Variation of thickness in sheet is also measured for different die radius at constant sheet width. A graph is plotted between the flange thickness and the distance between free edge of the flange to the center of the deformed blank and it is shown in Fig. 13. It can be seen from figure that maximum thinning is occurs when smaller die radius is used as shown in Figs. 13 and 14. These results are validated with experimental one and found in very good agreement.

Fig. 13
figure13

Comparison of reduction in thickness of sheet for different die radius (20, 25, 30 and 35 mm) at constant sheet width (30 mm)

Fig. 14
figure14

Contour plots for sheet thickness variation for different die radius (a) 20 mm (b) 25 mm (c) 30 mm (d) 35 mm at constant sheet width of 30 mm by FE simulation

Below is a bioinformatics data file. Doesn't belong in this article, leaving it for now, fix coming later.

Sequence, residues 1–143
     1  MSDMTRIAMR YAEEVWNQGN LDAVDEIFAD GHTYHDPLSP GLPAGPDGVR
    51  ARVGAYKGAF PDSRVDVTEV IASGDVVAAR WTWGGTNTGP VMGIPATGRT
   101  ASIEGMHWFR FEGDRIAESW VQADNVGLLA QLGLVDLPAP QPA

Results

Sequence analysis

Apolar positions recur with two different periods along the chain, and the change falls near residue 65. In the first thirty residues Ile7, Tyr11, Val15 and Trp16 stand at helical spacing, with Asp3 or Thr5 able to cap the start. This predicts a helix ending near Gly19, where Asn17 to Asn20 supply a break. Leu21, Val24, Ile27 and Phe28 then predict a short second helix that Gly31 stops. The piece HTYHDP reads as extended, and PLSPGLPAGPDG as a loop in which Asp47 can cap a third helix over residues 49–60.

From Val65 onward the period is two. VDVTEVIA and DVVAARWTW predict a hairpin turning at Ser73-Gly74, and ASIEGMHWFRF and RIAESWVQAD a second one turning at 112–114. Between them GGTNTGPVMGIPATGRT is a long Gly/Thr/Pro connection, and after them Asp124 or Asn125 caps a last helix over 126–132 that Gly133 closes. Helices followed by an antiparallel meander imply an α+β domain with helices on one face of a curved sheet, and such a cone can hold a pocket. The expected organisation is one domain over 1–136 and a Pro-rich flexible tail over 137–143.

FEM Simulation Results

Effect of Sheet Width

In this study, effect of the sheet width and the die radius on deformation behavior of sheet was investigated. The sheet width is one of the significant parameter in stretch flanging process that affect the deformation behavior of the sheet. Figure 15 shows the deformed shape of the sheet for different width at 15, 30, 45, 60 and 100% of the total punch displacement. From Fig. 15, it is observed that the crack starts probably after 30% of the total punch displacement in all cases. No crack is observed at any % of punch displacement in the case of 20 mm sheet width with 35 mm of die radius because this combination behaves like a straight flanging process. Therefore, it is found that sheet width of 20 mm with die radius of 35 mm should not be use in stretch flange forming. Crack length and deformations are also observed different for different sheet width at constant die radius. It can be seen from Fig. 15 that the crack length increases with increase in sheet width and better stretching and minimum crack length is observed at 30 to 35 mm sheet width with 35 mm die radius.